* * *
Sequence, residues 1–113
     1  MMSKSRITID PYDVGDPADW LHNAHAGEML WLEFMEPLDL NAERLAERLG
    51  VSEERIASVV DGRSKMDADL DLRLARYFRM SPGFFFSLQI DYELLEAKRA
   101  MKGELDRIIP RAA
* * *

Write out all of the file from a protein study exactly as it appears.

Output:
Sequence, residues 1–113
     1  MMSKSRITID PYDVGDPADW LHNAHAGEML WLEFMEPLDL NAERLAERLG
    51  VSEERIASVV DGRSKMDADL DLRLARYFRM SPGFFFSLQI DYELLEAKRA
   101  MKGELDRIIP RAA